Italian Renaissance Furniture
The Italian Renaissance
During the 15th century in Italy there arose great renewed interest in the heritage of the antique architecture, sculpture, and other fine arts of ancient Rome, called the European renaissance. This revival of classicism occured principally between the years 1400 and 1650, centred in the city of Florence, later spreading to Rome and other parts of Italy, and was an extremely complex phenomenon, and as we so often see in the interaction between furniture and architecture, these broad changes and developments in architecture design in Italy eventually made their impact on furniture design.
Italian furniture craftsmen, like their cousins in painting and other arts, became enormously influential, coming to dominate high end furniture design throughout Europe, and their ideas spread quickly, especially to France and Holland.
While the Renaissance period is exceedingly complex we can identify some distinct phases in Italian renaissance furniture.
From the early 15th century in Italy furniture designs became especially large, imposing, magnificent, richly decorative and ornate, majestic, fit for kings, heavily drawing on the antique tradition of Roman architecture, sculpture, and sarcophagi. The early pioneers of this style in Florence did not attempt to make direct copies of Roman antique furniture but instead used antique architectural forms as inspiration.
They were especially influenced by the artists, painters, sculptors, goldsmiths, and architects who adapted Roman stone, usually marble, artefacts, who drew on the rich heritage surrounding them of Roman temples, bathhouses, theatres, altars, ossuaries, friezes, statues, coins, and gems, and also older but related Greek art forms. Above all this tradition is based in a rediscovery of the antique orders of classical architecture, of columns, bases, pedestals, entablature, and their correct proportions and characteristics.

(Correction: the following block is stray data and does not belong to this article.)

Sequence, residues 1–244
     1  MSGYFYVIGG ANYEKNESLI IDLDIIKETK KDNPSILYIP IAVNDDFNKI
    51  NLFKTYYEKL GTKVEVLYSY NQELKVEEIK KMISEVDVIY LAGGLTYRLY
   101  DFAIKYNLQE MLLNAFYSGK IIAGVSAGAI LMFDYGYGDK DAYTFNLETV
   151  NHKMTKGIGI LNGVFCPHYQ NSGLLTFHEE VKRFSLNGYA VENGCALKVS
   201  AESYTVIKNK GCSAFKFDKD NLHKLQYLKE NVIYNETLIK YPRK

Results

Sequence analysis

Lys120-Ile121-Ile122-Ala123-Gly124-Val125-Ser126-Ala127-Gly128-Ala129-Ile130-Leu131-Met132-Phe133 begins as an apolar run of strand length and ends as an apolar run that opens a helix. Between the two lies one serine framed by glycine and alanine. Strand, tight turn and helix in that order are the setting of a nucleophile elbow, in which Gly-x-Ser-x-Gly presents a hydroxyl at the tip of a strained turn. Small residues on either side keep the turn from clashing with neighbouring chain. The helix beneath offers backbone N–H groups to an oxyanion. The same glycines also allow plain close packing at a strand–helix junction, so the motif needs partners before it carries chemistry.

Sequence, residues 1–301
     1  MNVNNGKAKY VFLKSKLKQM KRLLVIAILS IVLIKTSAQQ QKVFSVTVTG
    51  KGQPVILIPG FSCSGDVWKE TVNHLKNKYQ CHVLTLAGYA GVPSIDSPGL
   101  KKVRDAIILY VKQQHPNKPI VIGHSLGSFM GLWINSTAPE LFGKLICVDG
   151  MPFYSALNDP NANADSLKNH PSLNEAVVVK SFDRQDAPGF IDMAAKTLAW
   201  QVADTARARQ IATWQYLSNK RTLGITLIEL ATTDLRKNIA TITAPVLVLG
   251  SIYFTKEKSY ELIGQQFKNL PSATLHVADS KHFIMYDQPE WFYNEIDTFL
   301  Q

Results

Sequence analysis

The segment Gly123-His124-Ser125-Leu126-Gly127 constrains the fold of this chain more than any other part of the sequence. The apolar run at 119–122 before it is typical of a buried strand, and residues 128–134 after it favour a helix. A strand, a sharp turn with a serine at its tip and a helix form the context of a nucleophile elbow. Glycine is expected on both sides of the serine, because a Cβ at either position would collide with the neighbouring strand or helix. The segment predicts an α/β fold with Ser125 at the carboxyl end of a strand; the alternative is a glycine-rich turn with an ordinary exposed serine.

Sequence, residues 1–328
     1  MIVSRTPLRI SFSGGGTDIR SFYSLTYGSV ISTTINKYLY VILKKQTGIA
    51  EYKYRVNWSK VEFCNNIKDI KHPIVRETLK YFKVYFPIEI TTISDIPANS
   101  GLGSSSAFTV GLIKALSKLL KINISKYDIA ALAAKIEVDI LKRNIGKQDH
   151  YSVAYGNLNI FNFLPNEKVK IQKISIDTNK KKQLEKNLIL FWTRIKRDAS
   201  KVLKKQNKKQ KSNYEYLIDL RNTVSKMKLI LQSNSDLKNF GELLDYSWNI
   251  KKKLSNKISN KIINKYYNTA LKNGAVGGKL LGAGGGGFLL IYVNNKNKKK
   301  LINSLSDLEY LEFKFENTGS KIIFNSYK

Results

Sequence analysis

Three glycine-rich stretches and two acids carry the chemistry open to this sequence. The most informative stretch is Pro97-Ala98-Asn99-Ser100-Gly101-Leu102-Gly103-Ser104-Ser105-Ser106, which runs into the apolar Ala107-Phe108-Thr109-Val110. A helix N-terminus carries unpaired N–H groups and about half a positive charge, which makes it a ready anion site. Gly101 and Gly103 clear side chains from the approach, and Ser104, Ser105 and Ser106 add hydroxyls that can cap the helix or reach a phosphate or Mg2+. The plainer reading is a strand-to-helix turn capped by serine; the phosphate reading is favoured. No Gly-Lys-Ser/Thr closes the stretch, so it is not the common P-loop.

Gothic influences were sidelined and instead antique ornament was revived, in the form of acanthus scrolls, shells, amphoras, dolphins, festoons and garlands, vases, urns, Vitruvian scrolls, consoles, and rosettes. The use of interlacing geometrical patterns is also seen especially in intarsia patterns and marquetry.
Grotesque & Fantasy
Later, from around the 1490's a second type of Italian renaisance furniture developed that employed motifs of a grotesque and fantasy nature, many of them of foreign origin, deriving from Islamic, Arabesque, Moorish, as well as later the northern European Gothic traditions. The traditional or antique style of structured, logical ornamentation on furniture became smothered by lurid and wild designs that, paradoxically, were essentially anti-classical, oriental, perhaps alien.
Grotesque Furniture, 16th century.
Such designs of fantasy furniture with their grotesque decoration evolved into what is called mannerism or mannerist furniture, a form of eccentric and colourful expressionism, based in exaggeration of the human form, and flights of artistic fancy, and greatly affected by the work of Michelangelo. Mannerism fully developed into its own furniture style in French Renaissance furniture.
The High Renaissance
The final phase of the Italian Renaissance furniture tradition coexisted and contended with the Mannerist one and consisted of now attempts to copy real antique Roman furniture, a much more "archaeological" style, inspired by the art of Raphael. This form is often called High Classicism. Furniture in this style was built on a massive scale, and was plainer and more serious.
History & End
The history of Italian Renaissance furniture is a swirling, even chaotic one. Its main period of vitality was up until the mid 17th century while it continued to exert some influence until the nineteenth century and beyond, in the periodic revivals that occurred. In the pages that follow we intend to explore it in more depth, looking at the principal pieces of furniture that might interest the antique collector, cassone chests, Italian chairs, tables, and cabinets among them, with the use of pictures and images to guide us.
Part II of this article is furniture decoration in the Italian Renaissance.